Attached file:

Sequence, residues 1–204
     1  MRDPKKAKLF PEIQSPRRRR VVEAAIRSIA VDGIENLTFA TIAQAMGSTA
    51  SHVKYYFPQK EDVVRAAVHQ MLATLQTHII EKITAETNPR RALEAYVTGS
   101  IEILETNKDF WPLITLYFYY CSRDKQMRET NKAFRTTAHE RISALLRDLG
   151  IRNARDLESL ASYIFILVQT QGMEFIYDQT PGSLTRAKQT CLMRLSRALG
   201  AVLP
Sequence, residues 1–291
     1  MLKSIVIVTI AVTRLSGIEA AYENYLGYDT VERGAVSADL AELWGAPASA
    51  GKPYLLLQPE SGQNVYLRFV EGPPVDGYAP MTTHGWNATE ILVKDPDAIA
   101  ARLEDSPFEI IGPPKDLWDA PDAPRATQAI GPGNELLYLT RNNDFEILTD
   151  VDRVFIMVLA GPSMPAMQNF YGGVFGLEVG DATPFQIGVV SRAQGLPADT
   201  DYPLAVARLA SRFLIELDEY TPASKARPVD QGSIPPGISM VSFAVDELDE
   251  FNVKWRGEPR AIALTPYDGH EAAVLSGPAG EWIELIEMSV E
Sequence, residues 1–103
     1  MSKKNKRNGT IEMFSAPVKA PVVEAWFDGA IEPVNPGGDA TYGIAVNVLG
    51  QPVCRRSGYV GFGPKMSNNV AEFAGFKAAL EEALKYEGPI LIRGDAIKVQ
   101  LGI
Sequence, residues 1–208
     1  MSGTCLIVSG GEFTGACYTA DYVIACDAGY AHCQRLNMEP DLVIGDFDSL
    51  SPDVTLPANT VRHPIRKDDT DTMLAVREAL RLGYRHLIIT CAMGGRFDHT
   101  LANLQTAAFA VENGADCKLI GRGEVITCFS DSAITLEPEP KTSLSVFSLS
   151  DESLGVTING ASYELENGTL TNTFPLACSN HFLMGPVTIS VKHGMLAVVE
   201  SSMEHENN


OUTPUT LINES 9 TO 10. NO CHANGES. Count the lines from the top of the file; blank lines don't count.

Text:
    51  GKPYLLLQPE SGQNVYLRFV EGPPVDGYAP MTTHGWNATE ILVKDPDAIA
   101  ARLEDSPFEI IGPPKDLWDA PDAPRATQAI GPGNELLYLT RNNDFEILTD